Author Archives: Olivia Raggio

Student Org Profile: Service Cluster Board

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Our student organizations and continuing initiatives are collectively known as the Service Cluster, and each member organization of the cluster is supported by the Service Cluster Board, a peer-advised council. The SCB functions as a support platform that provides training, oversight, and funding.
 
Each year, SCB hosts a retreat for student organization leaders as well as monthly workshops for program development. Topics include budget planning, leadership transitions, and member recruitment. SCB also administers the Flex Fund, which grants funding to student-designed community service projects.

Budgets and ledgers and emails, oh my! A week in the Community Engagement Office as a co-coordinator of the Service Cluster Board (SCB) is focused on making sure student service organizations on campus have the resources they need to do quality community service. Together my co-coordinator, Huy Nguyen, and I peer-advise the 17 student service orgs on campus and help troubleshoot problems ranging from budget snafoos to annual leadership transitions. An average day in SCB revolves around communicating with student leaders, auditing org budgets, and planning regular leadership meetings for org leaders to develop their skills ambassadors for service on campus – there’s never a dull moment! I love working with SCB, because it allows me to collaborate with a variety of student service leaders. Like a spark plug that never tires, every student org leader I interact with is thinking of new and creative programming for their organization that goes beyond the confines of previous events. This energy motivates me to ensure that any student interested in service on campus is able to get involved and continue to foster the strong partnerships with communities in Middlebury, in Addison County, and further afield.

-Maeve Moynihan ’17

Alessandria Schumacher’s Summer Research

College's Community Engagement program

Alessandria and Pam met frequently throughout the summer to touch base about the study

Alessandria and Pam received an AOE grant to fund part of their summer research project

Alessandria Schumacher ’17 worked with Professor Pam Berenbaum this summer on a study of Health in Addison County. Check out their interview on Middlebury Community Television to learn more about the project and their findings.

William Weightman on his 2015 Summer Internship

William Weightman presenting his research findings on VET to Stanford and Shaanxi Normal University faculty and researchers.

William Weightman presenting his research findings on VET to Stanford and Shaanxi Normal University faculty and researchers.

William received funding for his internship from the The Cross Cultural Community Service Fund (CCCS), which supports international community service, advocacy, and activism.

 

This summer I spent four weeks working with Stanford University’s Rural Education Action Program (REAP) as a research intern. REAP is an impact evaluation organization that aims to inform sound education, health and nutrition policy in China. Their goal is to help improve the lives of the millions of people by developing their human capital and overcoming obstacles to education so that they can escape poverty and better contribute to China’s developing economy.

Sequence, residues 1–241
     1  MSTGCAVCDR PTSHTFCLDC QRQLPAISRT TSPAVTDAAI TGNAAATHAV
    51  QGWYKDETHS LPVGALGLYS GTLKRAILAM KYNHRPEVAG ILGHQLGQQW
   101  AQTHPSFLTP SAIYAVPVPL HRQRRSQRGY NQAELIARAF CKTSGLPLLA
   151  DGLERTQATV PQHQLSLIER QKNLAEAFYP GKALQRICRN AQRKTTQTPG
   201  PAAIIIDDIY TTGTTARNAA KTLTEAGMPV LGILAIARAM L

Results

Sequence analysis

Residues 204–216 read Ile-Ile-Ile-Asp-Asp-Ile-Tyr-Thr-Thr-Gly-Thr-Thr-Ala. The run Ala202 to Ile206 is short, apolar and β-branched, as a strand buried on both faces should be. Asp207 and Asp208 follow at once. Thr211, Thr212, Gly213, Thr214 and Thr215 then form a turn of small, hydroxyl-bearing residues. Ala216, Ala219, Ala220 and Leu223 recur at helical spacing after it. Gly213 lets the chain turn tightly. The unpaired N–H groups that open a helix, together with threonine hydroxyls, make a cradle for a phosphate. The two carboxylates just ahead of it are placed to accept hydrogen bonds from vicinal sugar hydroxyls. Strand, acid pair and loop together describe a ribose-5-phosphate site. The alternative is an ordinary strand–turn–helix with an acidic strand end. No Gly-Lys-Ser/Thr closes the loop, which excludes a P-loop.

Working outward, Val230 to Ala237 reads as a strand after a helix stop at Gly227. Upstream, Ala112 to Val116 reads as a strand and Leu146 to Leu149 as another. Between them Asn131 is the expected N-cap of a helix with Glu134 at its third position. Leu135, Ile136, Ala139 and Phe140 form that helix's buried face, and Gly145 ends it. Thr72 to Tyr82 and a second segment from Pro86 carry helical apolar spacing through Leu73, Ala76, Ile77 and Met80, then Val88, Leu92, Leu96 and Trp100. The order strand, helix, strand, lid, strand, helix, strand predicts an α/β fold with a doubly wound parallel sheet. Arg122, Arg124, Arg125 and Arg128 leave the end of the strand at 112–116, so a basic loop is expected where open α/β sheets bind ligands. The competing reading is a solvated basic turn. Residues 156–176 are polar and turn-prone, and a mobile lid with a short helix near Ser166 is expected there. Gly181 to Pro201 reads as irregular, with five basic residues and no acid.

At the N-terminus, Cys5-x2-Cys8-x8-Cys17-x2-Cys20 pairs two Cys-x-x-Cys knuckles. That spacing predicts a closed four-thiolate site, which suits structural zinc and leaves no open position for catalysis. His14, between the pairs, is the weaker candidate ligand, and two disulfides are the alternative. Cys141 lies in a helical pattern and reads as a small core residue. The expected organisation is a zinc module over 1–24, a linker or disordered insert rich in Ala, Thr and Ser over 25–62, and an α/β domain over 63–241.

As a part of the REAP research team I worked on their project evaluating China’s vocational education and training (VET) programs. There is a widespread belief at the upper echelons of China’s political decision-making bodies that VET is a way to give poor, rural students the skills they need for future employment. However, research has shown that VET has not been an effective tool for improving students’ economic outcomes. Not only are they learning less than their peers in academic high schools, but also many are regressing in basic skills like Chinese language and math. As a summer intern, I spent two weeks conducting field interviews with VET students and dropouts in China and another two weeks writing a paper incorporating quantitative and qualitative analysis to submit to academic journals and the Chinese Academy of Sciences—and ideally impact policy.

When someone mentions China, images of rapid development and growing prosperity frequently come to mind. Indeed, in the last 30 years China has made rapid improvements and its urban centers and infrastructure rival much of the developed world. However, in the rural parts of China far away from the developed coastal regions, millions of people continue to live in abject poverty with little hope of partaking in the advantages of China’s burgeoning growth.

It is often easy to think of economic development in abstract terms. Numbers such as GDP per capita and spending on infrastructure are important indicators. However, my experience working with REAP made me realize the important role that education and human capital play in economic development. Quality education is essential for any country to succeed. After meeting the kids that are enrolled in VET programs, it became clear to me that they are not receiving a quality education. Three main themes emerged in our interviews: first, students have low expectations for their ability to gain from VET and thus little motivation to learn; second, the schooling system is characterized by a complete lack of accountability for students to learn, engage in appropriate behavior, or stay in school; finally, the vocational education system leaves opportunities for schools to take advantage of their students for pecuniary gain through recruitment, illegal fees, and internships that benefit the school more than the student.